"On the national television news, whenever anything happens of any relevance in the football world, very often it's the lead story, no matter what else is going on in terms of the economy or politics or whatever," added Kundert.
A strong mix of youth and experience
For a country of 10 million people, Portugal has always punched well above its weight and has produced some of the greatest ever to grace a football pitch - like Eusebio, Figo, Deco, Rui Costa and many more.
Now a new generation has the nation dreaming again with names like English Premier League Club Manchester City trio Ruben Dias, Joao Cancelo and Bernardo Silva, as well as Manchester United midfield maestro Bruno Fernandes, Wolves hero Ruben Neves and Atletico Madrid young gun Joao Felix.
And not to forget Cristiano Ronaldo.
The country's, and for many, the world's greatest ever player, Ronaldo might be the subject of some controversy off the pitch with his club Manchester United, but that could motivate him even more to show he can still bring his best when it counts.
Ronaldo has won everything there is to win in football - except the World Cup – and Qatar 2022 is his final chance to put the perfect capstone on an astonishingly successful career.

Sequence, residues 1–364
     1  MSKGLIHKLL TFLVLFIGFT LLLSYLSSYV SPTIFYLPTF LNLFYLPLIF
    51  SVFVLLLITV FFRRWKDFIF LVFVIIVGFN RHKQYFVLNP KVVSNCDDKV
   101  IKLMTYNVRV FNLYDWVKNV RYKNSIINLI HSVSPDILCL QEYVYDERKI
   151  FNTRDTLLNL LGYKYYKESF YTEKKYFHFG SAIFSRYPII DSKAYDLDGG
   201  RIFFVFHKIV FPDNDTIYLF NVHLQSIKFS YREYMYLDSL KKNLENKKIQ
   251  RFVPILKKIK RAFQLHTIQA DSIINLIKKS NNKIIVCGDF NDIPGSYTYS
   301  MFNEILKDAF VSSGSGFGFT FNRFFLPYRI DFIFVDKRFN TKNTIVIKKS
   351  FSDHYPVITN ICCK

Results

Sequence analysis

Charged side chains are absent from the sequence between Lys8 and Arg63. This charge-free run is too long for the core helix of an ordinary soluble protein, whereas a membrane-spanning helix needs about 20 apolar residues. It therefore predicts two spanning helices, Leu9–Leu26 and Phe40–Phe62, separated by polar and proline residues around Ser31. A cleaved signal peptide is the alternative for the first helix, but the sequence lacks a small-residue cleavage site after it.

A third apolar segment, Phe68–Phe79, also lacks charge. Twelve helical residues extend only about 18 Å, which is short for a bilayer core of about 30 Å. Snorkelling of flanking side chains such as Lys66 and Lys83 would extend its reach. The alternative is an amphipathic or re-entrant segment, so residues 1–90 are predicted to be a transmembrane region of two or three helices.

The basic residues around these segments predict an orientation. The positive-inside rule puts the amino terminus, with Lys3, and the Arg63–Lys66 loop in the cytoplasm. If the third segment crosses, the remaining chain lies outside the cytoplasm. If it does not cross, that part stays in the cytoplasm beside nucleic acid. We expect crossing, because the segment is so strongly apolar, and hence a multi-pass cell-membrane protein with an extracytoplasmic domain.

Is Cristiano Ronaldo past his best?
At 37, some experts believe Ronaldo may be past his best for club and country.
"The top international goal scorer of all time is just an absolute icon of football. And basically, he will probably decide how much he plays," says Kundert. "But whether that will be to Portugal's advantage, I think this World Cup, more than any World Cup or European championship in the last decade and a half, I think it won't be dependent on how well Ronaldo plays.
"It will be dependent on how well the 'supporting' cast play."
Portugal face tough group stage opponents in Uruguay, South Korea and Ghana. But win or lose, what is certain is that this football-crazy nation will give its unconditional support to the selecao when they take to the pitch for their opening match.